Why So Cruel?

Why So Cruel?

What is it that makes people, particularly those in positions of power and authority, seem so cruelly blind to the needs of others? Could it be that the Antimatter Principle, which encourages us to focus on attending to folks’ needs, is simply lost on those who rise to the top?

Is it possible that “the system” in most organisations unwittingly selects for promotion and responsibility those with shortfalls in empathy, compassion, and interest in the needs of others? Perhaps there’s a hidden flaw in the criteria used to evaluate leaders, resulting in the ascension of individuals who prioritise their own ambitions over the well-being of their team members.

Might we also consider that folks in positions of power may develop a sense of entitlement, leading them to overlook the feelings and concerns of those they perceive as beneath them? If so, how can we, as individuals and as a society, work towards changing this and foster a more compassionate approach?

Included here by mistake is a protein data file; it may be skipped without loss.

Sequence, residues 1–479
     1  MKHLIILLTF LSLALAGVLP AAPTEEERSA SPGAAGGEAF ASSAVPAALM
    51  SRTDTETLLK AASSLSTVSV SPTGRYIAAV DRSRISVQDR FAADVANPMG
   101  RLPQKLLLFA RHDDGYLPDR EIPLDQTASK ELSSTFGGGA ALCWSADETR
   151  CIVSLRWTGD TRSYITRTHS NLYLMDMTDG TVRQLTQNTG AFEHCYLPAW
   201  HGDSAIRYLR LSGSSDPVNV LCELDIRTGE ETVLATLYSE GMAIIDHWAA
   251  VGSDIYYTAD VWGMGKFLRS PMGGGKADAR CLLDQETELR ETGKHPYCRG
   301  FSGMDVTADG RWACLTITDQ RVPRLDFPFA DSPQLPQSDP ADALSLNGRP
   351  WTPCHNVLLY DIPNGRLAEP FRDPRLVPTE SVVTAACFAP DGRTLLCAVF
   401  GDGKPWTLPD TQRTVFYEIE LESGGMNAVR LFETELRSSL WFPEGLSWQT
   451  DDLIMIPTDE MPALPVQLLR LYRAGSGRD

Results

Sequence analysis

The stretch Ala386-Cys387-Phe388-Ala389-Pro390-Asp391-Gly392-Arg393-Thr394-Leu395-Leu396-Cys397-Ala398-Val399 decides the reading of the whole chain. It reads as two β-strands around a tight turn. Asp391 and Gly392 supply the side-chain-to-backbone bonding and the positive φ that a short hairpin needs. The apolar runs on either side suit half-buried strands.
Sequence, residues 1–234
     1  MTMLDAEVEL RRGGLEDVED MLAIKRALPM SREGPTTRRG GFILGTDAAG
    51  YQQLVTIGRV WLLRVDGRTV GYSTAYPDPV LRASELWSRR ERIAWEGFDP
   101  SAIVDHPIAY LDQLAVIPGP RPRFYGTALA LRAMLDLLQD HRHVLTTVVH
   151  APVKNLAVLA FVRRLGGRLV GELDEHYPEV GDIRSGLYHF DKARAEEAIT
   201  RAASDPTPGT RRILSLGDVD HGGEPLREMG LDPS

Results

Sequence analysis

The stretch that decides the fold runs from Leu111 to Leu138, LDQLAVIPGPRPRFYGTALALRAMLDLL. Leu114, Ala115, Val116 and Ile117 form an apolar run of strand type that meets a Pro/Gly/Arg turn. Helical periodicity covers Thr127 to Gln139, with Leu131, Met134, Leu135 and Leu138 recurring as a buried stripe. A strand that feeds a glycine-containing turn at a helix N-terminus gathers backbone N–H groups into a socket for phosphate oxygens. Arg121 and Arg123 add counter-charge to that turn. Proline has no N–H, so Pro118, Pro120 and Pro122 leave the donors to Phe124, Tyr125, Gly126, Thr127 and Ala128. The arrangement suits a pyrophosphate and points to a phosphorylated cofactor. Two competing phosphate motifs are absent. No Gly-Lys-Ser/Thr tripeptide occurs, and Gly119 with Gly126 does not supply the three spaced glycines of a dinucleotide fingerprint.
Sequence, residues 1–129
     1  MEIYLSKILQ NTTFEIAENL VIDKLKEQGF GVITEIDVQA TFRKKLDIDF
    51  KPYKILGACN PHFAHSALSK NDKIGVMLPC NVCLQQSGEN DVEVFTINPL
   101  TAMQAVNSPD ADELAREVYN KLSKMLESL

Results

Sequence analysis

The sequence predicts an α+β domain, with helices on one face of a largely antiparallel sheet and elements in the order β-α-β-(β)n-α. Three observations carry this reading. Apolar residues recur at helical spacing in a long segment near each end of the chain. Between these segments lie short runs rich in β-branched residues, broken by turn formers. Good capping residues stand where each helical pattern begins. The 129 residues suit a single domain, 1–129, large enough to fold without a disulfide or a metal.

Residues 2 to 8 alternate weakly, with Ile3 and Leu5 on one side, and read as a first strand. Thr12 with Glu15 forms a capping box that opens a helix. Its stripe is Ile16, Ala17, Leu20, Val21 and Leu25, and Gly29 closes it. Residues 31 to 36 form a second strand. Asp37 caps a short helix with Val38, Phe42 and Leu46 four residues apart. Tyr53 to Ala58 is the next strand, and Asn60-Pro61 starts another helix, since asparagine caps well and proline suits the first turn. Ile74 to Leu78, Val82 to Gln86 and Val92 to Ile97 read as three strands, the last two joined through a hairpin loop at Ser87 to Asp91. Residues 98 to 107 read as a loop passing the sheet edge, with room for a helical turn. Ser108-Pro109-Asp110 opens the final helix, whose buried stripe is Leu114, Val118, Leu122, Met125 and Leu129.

Let’s not forget, though, that there are certainly people who do exhibit empathy and a genuine concern for the needs of others. What sets them apart from the rest, and how can we nurture these qualities in future generations?

In conclusion, it’s a curious conundrum why some people in power can be so seemingly blind to the needs of others. Whether it’s a product of the system selecting for certain traits or a gradual development of entitlement, organisations might choose to recognise the importance of empathy, compassion, and the Antimatter Principle in creating a more nurturing and supportive environment for everyone.

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